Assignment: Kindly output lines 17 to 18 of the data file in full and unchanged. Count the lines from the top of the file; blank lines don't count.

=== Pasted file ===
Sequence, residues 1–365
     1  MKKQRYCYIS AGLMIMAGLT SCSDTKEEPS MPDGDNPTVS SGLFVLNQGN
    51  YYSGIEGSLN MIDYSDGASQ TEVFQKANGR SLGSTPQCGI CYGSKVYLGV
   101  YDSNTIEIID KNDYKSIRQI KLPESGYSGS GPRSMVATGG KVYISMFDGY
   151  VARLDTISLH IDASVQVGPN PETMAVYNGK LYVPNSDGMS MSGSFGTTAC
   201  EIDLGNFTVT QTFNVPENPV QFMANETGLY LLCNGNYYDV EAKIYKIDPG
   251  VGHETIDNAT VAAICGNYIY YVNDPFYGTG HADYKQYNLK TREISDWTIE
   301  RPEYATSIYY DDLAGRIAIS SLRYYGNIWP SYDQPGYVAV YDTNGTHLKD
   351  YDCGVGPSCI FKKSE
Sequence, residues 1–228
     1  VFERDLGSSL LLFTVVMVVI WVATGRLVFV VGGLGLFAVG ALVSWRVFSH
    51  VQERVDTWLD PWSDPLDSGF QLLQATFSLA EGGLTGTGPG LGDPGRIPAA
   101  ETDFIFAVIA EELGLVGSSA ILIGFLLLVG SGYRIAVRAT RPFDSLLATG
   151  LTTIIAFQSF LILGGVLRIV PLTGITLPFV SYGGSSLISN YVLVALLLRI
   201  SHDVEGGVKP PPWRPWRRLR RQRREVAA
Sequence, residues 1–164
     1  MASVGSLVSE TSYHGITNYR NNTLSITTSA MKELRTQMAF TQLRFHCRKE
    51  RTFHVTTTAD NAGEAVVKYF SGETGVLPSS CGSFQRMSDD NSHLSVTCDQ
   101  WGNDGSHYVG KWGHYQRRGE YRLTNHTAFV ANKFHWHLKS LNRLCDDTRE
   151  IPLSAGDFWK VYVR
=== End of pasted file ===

     1  MASVGSLVSE TSYHGITNYR NNTLSITTSA MKELRTQMAF TQLRFHCRKE
    51  RTFHVTTTAD NAGEAVVKYF SGETGVLPSS CGSFQRMSDD NSHLSVTCDQ